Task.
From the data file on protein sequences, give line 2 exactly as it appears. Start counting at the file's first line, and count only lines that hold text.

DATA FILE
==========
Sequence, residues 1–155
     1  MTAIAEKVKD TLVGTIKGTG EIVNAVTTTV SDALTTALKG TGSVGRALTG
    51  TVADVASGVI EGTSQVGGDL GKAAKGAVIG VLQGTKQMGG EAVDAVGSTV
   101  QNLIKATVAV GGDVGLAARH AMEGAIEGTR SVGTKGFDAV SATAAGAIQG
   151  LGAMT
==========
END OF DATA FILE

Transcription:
     1  MTAIAEKVKD TLVGTIKGTG EIVNAVTTTV SDALTTALKG TGSVGRALTG